The United Nations annual report on the status of forests came out last week with promising news: some forests are reversing centuries of decline. However, it noted that deforestation continues to be a serious problem in countries with high rates of poverty and civil conflict. On this World Forestry Day , we examine how a small forestry project in rural China – the first in the world to meet international standards on curbing climate change – can start a global chain effect on revitalizing forests.
With logging mostly to blame for the loss of more than 75 percent of its forests, China needs all the trees it can get.
As early as this summer, tree planting may begin as part of the world’s first small-scale forestry project to meet strict Kyoto Protocol requirements for curbing climate change. The project’s validation by the United Nations Clean Development Mechanism (CDM) last month clears a major technical hurdle to restoring forests not only in China, but elsewhere, as other countries would then be able to model their efforts after China’s work.
Planting Trees in Southwest China
A joint initiative between Conservation International (CI) and The Nature Conservancy, the project will restore damaged forests in the Mountains of Southwest China Biodiversity Hotspot. It calls for planting native tree species on 1,200 acres of degraded land in the remote town of Tengchong and includes support for local communities. Not only will the plan help reconnect heavily divided habitat, the trees planted will also remove approximately 160,000 tons of carbon dioxide from the atmosphere within the first 30 years of implementation.
The project is located in Yunnan province, a traditionally poor and rural region where newfound economic development has severely strained the environment. Swaths of forests have been destroyed there to feed an exponential growth in furniture, paper, and other timber-based industries. A 1998 logging ban invoked in multiple provinces following disastrous Yangtze River floods that killed thousands of people exacerbates the enormous pressure on companies to acquire trees. Since then, timber imports have skyrocketed.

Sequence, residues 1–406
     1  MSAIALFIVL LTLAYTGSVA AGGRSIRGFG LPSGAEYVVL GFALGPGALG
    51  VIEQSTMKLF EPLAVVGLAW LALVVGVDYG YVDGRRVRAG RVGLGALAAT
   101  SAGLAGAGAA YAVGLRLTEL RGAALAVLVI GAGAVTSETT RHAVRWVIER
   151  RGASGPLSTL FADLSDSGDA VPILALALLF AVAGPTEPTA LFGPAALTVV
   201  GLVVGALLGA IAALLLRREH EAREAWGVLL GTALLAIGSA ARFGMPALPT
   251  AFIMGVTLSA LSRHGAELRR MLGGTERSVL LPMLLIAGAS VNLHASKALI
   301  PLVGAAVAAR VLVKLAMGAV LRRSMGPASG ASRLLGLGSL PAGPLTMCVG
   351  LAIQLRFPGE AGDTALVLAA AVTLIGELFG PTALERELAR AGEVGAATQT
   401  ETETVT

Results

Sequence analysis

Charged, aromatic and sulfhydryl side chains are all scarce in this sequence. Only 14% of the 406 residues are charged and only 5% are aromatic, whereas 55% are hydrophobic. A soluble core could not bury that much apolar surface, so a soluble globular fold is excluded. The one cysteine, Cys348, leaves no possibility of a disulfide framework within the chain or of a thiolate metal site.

Although the Chinese government has invested billions of dollars toward forest protection and restoration in the last decade, the programs do not meet Kyoto requirements nor do they take into account biodiversity conservation or aid to communities. CI is working closely with China’s State Forestry Administration and provincial departments to design other reforestation projects that deliver multiple benefits.
“Forest conservation is not just for the sake of ecosystems. It provides a service to the people, and without it they suffer,” says CI-China Director Zhi Lu. “Combined with logging bans and setting up nature reserves, this remarkable step forward will contribute to overall awareness and improvement of the environment in China.”
Project Will Reduce Emissions Over Long Term
Although the new small-scale forestry project will not have an immediate impact on reducing China’s greenhouse gas emissions, its long-term implications will. In the wake of new projections that China will surpass the United States as the world's largest emitter of greenhouse gases by 2008, the Tengchong reforestation project provides a solid example to other developing nations on how to comply with rigorous CDM criteria and replicate them.
Among other standards, CDM projects must reduce carbon emissions and assist developing nations in achieving sustainable development. The newly validated methodology will serve as a guide for future projects, which can adopt it at lower cost and get faster CDM approval.
Deforestation Causes Climate Change, Cascading Problems
With climate change on track to surpass habitat loss as the leading threat to biodiversity in the next century, small-scale projects like this present a clear way for governments to combat deforestation and its cascading environmental problems.
Forests play a crucial role in our ecosystems. Their ability to absorb carbon and capture water helps stabilize the atmosphere. Cutting and burning trees accounts for more than 20 percent of all greenhouse gases released into the air – double the amount emitted by the entire transportation sector. As seen in China, deforestation can easily lead to shortages in fresh water, harm to wildlife, and increased flooding.
On the other hand, safeguarding forests can greatly benefit local communities, who need land to survive, but are destroying it for short-term economic gains. In the tropics, millions of acres of rain forest vanish annually from encroaching urbanization and farming. A common agricultural technique called slash and burn – when vegetation is cut, dried, and burned and the land cultivated – prevents growth on the ground for generations once farmers abandon their overworked plots in search of more fertile areas.
Through education and on-the-ground training, CI assists local communities in adopting more eco-friendly farming methods and improving the way forests are managed. By doing so, communities can explore livelihoods that are less harmful to the land and boost their physical well-being with better access to the clean air and water that only healthy forests can provide.
International Commitment to Carbon Forestry
For the past three years, CI has been designing projects that meet international climate mitigation standards and support the biodiversity and communities that live in those regions. CI’s Center for Environmental Leadership in Business is helping to develop conservation carbon projects in China, where multinational companies are increasing their presence and showing interest in investing in China’s forests. In October 2004, the 3M Foundation committed $3 million to support CI’s strategy.
CI is also working with partners to get approval for forestry projects that meet Kyoto standards in Ecuador, Madagascar, and the Philippines.